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Missing a few tricks - 40 years on

Coincidentally, over 40 years ago in September 1973, I had just resigned a secure, executive career in the Civil Service for a risky new role in Nottingham City Council's Publicity and Information Office and it was there that I first became aware of the extensive global interest in the Robin Hood legend!

Central Government had published the Baines Report, which was highly critical of local government's lack of communication with residents and the business community and so, as I began to look into how I might improve the City Council's inter-action with the Nottingham public I was somewhat surprised to find that Robin Hood already had a substantial impact on the daily correspondence and enquiries!

The daily post bag invariably contained requests for information on the City's legendary outlaw and at times even accounted for as much as 40% of the mail! The Council also produced a range of public information leaflets and the title that was by far and away in the most demand was Robin Hood! No surprise then that the first task I was given in my new communications role turned out to be to write a Robin Hood article for the Council's monthly Civic News magazine!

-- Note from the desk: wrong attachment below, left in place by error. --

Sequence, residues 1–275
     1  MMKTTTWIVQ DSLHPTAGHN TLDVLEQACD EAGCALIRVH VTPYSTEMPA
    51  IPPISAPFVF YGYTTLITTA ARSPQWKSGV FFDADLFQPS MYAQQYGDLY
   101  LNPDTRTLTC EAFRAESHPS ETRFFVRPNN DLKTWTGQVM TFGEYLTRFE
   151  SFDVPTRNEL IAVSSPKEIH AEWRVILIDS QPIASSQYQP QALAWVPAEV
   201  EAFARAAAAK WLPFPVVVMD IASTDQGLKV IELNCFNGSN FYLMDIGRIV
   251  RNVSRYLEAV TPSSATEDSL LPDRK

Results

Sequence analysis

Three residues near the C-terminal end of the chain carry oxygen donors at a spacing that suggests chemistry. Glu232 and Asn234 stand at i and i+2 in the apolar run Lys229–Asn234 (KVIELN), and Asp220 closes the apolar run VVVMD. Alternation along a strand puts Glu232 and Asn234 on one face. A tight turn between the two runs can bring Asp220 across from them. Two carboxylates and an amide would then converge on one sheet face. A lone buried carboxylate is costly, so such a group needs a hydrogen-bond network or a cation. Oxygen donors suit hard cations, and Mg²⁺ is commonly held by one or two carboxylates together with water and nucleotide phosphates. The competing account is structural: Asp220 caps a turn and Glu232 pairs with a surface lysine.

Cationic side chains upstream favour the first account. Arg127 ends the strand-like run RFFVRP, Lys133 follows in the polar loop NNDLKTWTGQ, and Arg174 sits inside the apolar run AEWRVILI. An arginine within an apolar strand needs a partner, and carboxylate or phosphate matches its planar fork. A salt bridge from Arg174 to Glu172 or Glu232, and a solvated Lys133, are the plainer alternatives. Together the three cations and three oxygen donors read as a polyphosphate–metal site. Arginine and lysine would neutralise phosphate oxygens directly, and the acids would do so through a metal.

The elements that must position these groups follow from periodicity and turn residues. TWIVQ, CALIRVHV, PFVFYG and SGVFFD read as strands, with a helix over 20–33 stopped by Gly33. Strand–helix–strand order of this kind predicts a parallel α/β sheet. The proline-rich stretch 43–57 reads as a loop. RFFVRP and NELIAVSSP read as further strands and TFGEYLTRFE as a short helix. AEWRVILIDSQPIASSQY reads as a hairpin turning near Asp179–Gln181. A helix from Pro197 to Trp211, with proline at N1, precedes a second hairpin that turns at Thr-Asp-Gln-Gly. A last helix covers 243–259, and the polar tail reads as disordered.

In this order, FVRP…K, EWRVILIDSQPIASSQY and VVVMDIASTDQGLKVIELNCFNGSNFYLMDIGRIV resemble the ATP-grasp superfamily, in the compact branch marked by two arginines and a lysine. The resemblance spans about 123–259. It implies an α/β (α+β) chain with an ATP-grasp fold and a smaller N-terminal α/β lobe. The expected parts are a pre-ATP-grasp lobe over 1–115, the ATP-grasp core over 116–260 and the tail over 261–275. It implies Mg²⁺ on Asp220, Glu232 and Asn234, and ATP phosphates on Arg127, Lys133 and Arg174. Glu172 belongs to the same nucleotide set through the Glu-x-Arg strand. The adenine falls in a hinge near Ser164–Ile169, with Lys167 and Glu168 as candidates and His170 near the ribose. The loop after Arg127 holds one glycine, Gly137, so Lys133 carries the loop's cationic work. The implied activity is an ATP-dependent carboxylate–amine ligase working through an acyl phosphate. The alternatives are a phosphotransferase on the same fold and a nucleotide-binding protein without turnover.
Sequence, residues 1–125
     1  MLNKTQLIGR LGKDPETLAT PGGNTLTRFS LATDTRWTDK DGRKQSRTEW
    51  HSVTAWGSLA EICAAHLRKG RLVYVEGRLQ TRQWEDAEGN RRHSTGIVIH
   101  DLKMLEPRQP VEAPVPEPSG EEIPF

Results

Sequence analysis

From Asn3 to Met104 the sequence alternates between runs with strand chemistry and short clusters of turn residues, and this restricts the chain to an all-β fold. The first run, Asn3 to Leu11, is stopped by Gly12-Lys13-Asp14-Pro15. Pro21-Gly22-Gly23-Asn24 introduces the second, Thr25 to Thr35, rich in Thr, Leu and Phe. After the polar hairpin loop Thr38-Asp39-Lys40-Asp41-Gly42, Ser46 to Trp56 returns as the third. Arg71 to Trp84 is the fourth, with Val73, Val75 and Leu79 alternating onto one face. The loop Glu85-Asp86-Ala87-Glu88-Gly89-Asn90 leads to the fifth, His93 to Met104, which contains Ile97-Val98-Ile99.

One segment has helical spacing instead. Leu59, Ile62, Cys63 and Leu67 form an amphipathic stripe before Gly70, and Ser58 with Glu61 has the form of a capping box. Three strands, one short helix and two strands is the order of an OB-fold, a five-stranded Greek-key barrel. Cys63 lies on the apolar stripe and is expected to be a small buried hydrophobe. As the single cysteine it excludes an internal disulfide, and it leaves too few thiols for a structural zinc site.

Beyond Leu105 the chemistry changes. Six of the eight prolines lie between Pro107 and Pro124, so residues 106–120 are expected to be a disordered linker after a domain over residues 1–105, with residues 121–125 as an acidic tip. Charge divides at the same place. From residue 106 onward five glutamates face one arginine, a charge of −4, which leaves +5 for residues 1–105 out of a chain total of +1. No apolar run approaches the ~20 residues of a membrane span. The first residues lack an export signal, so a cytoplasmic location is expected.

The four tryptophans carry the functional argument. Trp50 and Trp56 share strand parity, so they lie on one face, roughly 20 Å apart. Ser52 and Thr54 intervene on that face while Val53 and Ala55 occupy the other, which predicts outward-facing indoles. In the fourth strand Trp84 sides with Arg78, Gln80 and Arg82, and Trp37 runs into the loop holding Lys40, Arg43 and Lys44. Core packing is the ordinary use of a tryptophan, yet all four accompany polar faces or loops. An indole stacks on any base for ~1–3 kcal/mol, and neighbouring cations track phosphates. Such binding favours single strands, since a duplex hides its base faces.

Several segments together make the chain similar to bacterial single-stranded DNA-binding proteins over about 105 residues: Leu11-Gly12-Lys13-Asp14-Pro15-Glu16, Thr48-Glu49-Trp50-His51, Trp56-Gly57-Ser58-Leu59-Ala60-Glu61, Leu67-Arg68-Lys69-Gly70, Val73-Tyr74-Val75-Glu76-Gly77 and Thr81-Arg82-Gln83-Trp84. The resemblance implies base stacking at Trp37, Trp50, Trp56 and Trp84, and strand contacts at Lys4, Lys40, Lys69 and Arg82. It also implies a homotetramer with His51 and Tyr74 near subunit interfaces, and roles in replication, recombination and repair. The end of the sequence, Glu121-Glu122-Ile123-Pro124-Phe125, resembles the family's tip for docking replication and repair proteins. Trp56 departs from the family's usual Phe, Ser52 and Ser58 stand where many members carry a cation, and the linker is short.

So now, some 4 decades later, I looked up a copy of that article, "So Many Strings To His Bow" and in re-reading its contents I was surprised to recall that, even 40 years ago, there were numerous examples of the global impact the Robin Hood legend had created and how extensively business and commerce had used the "brand" to their advantage.

The source of my research had been 3 filing boxes tucked away on a shelf in the Local Studies section of the Public Library and amongst items mentioned in my article were a programme for the performance of "Once Upon A Time – or A Midsummer Night's Dream in Merrie Sherwood" at the Theatre Royal, Nottingham on April 13th 1868: an advertisement from the early 1900's, where Robin was depicted as one of the famous Hoods who hopefully increased sales of "Hood's Sarsaparilla – the most approved alternative tonic and blood-purifying remedy of the vegetable kingdom": a bold illustration of Robin on a polythene bag from the 1950's, used by a local wholesaler to market selected washed potatoes (The versatility of our legendary hero is astounding!): a letter from RKO (Walt Disney) Productions concerning their preliminary visit to Nottingham regarding potential shooting of their Robin Hood movie starring Richard Todd as Robin and Peter Finch as the Sheriff: a 2" high cast figure of Robin Hood manufactured by a Nottingham engineering firm for a trade exhibition: a card announcing the re-decoration of the lounge of the Welbeck Hotel on Milton Street, that showed the various Robin Hood Murals that were to be painted on the walls and a political pamphlet issued in 1952 by the East Midlands Communist Party that left readers in no doubt as to Robin Hood's role as "the People's hero fighting their Class enemy."

Sadly, looking back, it appears that even 40 years ago, the local community were far more capable of exploiting the promotional benefits of Robin Hood than today's so-called "creative" marketers!
Now there's an indictment!!